Most of us have encountered a psychological condition that for our present purpose can be labeled Resolution Re-Run Syndrome. Sufferers of this syndrome repeat a particular ritual every year known as the making of New Year’s resolutions. The most peculiar feature of this ritual is the presence of a magical amnesia under which the resolution maker apparently forgets that he or she has done it all before. In cases where partial recollection exists in the resolver’s mind, an I-really-mean-it-this-time determination energizes the ritual (before disappearing within three to five days).
Although no formal guidelines are imposed over the resolution ritual by any governing body, one would swear that every aspect is tightly regulated. For example, each don’t seems to be required to have an accompanying do. A resolution to stop downing large quantities of fattening fast food is routinely coupled with a promise to exercise more. A determination to watch TV less is normally paired with an aim to read more.
The desire to improve one’s self is certainly an admirable aspiration. So should we be skeptical about the millions who will be participating in the resolution ritual on New Year’s Eve? Let history answer the question. The practice of formulating yearly resolutions dates back to the beginning of recorded time. In ancient Babylon, citizens started off each annum with a goal of returning borrowed objects and paying off their debts. Sound familiar? The Romans (famous for liking themselves just as they were) made annual life revision promises to the god Janus. This may have been appropriate considering that Janus was the two-faced god. Medieval knights yearly re-affirmed their commitment to the values of chivalry (then promptly went off to engage in horrific enterprises such as the “Crusades”).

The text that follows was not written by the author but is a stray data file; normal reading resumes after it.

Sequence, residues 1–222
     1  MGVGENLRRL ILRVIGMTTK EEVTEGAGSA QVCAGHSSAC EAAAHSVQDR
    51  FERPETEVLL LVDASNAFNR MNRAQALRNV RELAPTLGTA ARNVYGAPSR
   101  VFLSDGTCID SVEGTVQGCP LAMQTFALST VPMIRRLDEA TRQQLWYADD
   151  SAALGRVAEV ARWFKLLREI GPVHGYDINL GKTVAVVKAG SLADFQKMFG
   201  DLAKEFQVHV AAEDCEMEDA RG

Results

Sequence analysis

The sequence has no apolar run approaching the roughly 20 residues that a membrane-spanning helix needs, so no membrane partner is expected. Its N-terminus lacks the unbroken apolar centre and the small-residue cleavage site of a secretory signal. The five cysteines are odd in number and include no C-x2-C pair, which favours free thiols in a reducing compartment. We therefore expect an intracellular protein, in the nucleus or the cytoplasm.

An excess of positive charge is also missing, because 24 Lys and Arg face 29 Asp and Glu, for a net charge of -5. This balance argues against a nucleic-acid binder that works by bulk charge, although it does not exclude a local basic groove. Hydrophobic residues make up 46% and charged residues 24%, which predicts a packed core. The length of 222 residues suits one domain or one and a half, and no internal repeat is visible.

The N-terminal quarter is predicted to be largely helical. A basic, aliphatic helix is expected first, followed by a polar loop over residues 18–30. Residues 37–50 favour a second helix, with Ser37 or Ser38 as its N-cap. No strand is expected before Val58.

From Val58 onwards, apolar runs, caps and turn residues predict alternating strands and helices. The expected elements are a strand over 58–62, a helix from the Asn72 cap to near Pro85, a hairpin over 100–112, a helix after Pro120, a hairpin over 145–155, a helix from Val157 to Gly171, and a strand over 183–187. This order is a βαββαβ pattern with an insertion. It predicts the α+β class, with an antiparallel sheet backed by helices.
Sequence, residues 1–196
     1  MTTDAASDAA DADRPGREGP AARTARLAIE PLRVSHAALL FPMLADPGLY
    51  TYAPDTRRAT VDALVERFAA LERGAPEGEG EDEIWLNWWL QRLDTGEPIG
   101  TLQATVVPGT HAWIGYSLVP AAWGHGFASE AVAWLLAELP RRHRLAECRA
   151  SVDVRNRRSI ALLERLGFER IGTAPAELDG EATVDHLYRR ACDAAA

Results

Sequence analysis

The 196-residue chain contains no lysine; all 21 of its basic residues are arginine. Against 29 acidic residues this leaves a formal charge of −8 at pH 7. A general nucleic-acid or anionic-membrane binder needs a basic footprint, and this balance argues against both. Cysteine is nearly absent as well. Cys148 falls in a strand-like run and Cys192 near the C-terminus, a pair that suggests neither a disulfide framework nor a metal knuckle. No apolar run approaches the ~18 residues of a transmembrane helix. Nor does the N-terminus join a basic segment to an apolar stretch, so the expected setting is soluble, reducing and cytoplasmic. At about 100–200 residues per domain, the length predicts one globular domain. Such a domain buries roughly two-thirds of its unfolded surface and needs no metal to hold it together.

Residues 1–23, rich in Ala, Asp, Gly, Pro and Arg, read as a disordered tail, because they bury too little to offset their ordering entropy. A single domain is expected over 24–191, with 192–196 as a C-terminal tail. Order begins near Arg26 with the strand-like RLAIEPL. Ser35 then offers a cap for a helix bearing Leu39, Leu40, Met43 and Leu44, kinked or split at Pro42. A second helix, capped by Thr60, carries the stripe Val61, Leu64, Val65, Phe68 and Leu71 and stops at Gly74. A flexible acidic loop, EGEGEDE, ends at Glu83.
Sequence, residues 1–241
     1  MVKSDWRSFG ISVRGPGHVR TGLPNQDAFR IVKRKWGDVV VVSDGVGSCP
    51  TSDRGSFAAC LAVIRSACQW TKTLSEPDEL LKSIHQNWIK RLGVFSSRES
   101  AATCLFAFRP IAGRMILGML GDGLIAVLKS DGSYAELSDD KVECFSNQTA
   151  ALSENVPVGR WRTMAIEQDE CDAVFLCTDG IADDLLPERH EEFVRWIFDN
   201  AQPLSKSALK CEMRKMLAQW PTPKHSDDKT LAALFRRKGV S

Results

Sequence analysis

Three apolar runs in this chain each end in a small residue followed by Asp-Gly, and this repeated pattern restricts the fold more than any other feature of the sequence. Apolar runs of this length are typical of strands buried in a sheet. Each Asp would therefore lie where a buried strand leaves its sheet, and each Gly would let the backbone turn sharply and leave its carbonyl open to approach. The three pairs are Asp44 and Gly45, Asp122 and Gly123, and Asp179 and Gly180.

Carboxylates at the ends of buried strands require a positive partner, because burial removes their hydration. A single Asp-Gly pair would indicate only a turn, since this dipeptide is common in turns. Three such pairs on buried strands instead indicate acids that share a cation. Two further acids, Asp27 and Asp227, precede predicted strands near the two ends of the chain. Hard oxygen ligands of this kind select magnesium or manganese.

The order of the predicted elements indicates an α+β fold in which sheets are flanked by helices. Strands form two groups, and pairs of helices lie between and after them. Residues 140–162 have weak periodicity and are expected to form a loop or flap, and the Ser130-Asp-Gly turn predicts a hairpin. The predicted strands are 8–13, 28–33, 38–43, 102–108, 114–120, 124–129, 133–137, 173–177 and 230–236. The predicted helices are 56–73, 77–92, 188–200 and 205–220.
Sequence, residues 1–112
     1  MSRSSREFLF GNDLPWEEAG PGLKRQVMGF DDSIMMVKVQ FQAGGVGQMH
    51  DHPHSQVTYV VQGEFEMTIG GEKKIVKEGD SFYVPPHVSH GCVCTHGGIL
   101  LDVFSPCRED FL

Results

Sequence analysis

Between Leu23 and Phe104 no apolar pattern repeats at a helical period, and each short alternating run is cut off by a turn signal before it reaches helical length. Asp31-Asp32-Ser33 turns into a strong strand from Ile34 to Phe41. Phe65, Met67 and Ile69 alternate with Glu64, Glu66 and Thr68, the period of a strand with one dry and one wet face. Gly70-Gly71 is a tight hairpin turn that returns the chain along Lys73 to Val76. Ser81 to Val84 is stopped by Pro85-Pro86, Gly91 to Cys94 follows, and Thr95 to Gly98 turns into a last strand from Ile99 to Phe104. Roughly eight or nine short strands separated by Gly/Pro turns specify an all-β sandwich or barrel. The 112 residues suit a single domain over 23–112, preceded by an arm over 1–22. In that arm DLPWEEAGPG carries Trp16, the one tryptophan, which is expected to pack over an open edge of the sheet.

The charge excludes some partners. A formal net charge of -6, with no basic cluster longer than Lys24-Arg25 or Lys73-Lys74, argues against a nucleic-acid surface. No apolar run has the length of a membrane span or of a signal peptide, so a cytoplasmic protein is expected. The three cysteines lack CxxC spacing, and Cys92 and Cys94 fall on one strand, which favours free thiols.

You may have already noticed the major thing that the above self-improvement minded societies have in common: they’re all defunct. The United States has no embassy in Babylon. Undaunted by such trivial considerations though, people of various faiths and philosophies continue their attempts to bring about positive developments in the New Year, some by replacing resolutions with the consumption of special foods ranging from soup to sauerkraut.
Perhaps the reason why the making of New Year’s resolutions has the flavor of a dazed boxer wildly punching air is its tendency to isolate something with which we should be regularly occupied into a once-a-year consideration. Maybe our efforts at self-improvement would be more effective if we treated the pursuit more like a process than a broad sweep, less like doing our taxes and more like bathing. Let us this 31 December highly resolve to cease resolving and start doing.